Now that the religious groundwork has been laid for the film, consider now Andy’s escape. First, consider the actual physical task of escaping. How does he do it? By using a rock hammer, Andy chisels away at the prison wall, creating a hole in its existence, enough to crawl through to the other side. This very literal action simultaneously represents the figurative idea of creating a hole in the prison wall that represents religious ideology. Now consider Andy’s hiding place for the rock hammer he uses for his escape. Andy hides the hammer in the bible which Norton supplied him in the beginning of the film. He does this by literally taking the words out of the bible and fitting the hammer inside. The very physical action of removing the words of the bible to hide what is ultimately Andy’s true salvation, coupled with the physical hole in the wall of the prison, are both clear indications that the picture is rescinding the idea of religion as the institution by which these characters must abide. The creation of holes in the very fabric of religious representation in the film points to the anti-religious ideology of the narrative.
Once Andy is finally free of the prison walls, he finds himself in the rain, a rain which washes him clean of all of the corruption and evil deeds that were put upon him within the prison walls, and put upon him by Warden Norton. This is Andy’s true baptism, a baptism free of all of the religious symbolism that loomed large over the first two acts. Only when Andy is free of the walls and of Norton, is he truly saved. His salvation, in other words, comes not from religion, but by escaping religion.
This may be one man’s opinion, but it seems that there are a number of physical and figurative actions throughout The Shawshank Redemption that indicate it’s stance on religion is not one of praise and positivity. Instead, the indictment of religion lies within the very fabric of the film’s plot. This, however, does not take away from the very impact and beauty of a film that hinges on the idea of hope. Hope does not have to be exclusive to religion, and perhaps that is the ultimate message of The Shawshank Redemption.
I understand that laughter is your first response, but that is precisely my point. Seventeen years ago, considering Tom Berenger as a viable leading man would not have garnered the consensus chuckle. Seventeen years ago, Major League II (the roman numerals make it more… important) had not hit the screen yet and marked the beginning of the end of Berenger’s mainstream acting career. But consider what came before Major League II.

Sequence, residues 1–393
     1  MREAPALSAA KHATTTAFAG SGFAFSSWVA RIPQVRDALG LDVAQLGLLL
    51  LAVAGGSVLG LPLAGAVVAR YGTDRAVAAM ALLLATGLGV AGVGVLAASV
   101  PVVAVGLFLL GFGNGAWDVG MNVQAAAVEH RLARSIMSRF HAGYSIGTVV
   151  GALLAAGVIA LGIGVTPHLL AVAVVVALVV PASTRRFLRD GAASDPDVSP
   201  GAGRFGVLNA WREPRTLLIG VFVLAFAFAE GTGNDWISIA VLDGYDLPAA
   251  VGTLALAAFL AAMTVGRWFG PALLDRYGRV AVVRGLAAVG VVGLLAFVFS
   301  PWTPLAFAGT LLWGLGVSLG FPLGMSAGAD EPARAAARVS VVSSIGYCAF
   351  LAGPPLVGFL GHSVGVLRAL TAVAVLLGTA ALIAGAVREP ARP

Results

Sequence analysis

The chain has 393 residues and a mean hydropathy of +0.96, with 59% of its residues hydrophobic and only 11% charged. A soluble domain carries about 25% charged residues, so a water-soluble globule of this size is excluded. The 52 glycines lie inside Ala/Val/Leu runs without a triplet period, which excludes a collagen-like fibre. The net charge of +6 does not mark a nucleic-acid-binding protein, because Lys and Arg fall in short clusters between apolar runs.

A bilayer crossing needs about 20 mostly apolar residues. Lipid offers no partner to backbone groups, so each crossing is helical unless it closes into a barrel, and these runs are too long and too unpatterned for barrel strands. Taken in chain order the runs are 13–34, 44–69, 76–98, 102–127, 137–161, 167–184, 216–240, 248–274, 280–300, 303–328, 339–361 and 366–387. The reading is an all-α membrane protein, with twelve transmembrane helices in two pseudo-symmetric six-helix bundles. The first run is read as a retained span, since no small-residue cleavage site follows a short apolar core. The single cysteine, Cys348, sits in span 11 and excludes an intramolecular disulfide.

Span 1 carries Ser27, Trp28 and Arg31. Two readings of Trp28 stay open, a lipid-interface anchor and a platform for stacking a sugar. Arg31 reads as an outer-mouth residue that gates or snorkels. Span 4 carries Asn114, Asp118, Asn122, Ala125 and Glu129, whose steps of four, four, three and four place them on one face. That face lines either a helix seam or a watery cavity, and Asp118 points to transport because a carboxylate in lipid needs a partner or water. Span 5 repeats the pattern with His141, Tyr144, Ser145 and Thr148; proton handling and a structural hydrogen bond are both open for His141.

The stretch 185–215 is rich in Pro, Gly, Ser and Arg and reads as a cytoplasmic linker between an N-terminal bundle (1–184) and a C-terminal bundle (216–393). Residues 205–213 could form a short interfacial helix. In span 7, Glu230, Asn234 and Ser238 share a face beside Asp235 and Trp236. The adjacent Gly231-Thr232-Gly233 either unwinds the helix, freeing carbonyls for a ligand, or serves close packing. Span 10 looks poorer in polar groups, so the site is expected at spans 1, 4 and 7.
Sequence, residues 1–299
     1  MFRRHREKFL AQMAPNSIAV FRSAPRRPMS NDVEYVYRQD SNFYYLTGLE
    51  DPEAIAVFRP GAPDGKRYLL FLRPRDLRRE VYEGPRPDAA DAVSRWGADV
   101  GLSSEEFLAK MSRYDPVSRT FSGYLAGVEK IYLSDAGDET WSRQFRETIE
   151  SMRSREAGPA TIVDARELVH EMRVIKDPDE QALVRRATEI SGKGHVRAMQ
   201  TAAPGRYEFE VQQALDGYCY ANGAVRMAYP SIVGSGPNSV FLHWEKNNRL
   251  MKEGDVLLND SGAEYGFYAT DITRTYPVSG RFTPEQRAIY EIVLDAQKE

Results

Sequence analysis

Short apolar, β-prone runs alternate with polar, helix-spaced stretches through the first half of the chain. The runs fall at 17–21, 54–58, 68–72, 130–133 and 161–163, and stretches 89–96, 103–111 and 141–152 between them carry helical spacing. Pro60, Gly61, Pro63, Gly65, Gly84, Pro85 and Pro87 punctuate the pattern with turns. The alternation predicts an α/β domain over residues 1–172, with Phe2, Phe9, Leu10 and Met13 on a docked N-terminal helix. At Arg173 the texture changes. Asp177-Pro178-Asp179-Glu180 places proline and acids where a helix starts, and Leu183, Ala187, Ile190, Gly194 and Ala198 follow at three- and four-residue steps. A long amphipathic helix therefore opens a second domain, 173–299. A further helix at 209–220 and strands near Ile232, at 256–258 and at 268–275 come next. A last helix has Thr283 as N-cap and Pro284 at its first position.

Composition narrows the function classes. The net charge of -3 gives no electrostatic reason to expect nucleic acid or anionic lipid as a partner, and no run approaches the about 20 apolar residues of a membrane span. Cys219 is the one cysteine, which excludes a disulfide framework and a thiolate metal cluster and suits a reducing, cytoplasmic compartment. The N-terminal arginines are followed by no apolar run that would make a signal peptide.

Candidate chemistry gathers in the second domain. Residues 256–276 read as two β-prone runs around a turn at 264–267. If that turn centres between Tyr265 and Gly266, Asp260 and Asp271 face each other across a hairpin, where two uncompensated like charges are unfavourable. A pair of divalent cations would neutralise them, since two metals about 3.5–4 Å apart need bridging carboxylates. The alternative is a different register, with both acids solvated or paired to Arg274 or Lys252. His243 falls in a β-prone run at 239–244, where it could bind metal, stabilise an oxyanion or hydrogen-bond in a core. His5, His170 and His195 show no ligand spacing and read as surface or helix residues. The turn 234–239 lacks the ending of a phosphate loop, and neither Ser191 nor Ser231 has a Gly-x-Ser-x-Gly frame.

Tuesday, July 21, 2009
10) Beverly Hills Cop III (1993) – After Tony Scott took over the reins for the first sequel, amped up the action, and retained most of the spontaneous and edgy humor from the original, John Landis (yes, THAT John Landis) dumped this abomination into the summer movie season. This time, most of the story takes place on a movie set, er, amusement park. Gone is John Ashton as Sergeant Taggart – an actor who really had nothing better to do but somehow knew better – and to replace his absence we get pummeled with more of Judge Reinhold’s Billy, a dopey, unfunny character who is over the top and quite irritating. And perhaps this marked the beginning of the end of Eddie Murphy as a wisecracking comedian, because in BHC3, his smartass routine seems tired and forced.
9) Matrix Revolutions (2003) – I should have seen this coming at the end of Matrix: Reloaded, a movie with cool action but no substance. The substance turned into indecipherable futuristic battles between humans and robots that numb the senses halfway through. On top of that, we get yet another battle between Neo and a bunch of Mister Smiths, only this one is longer! And look, it’s in the rain! Wow! The battle goes on and on and somewhere in the back of everyone’s mind they realize that nothing is going to be solved by the fight because the logic that so cleverly backed the original film disappeared near the end of Reloaded. And speaking of drawn out nonsense and absurdity to the highest power… [SPOILER] I think Trinity is still dying as you read this. Seriously, I think even Neo was getting tired of listening to her.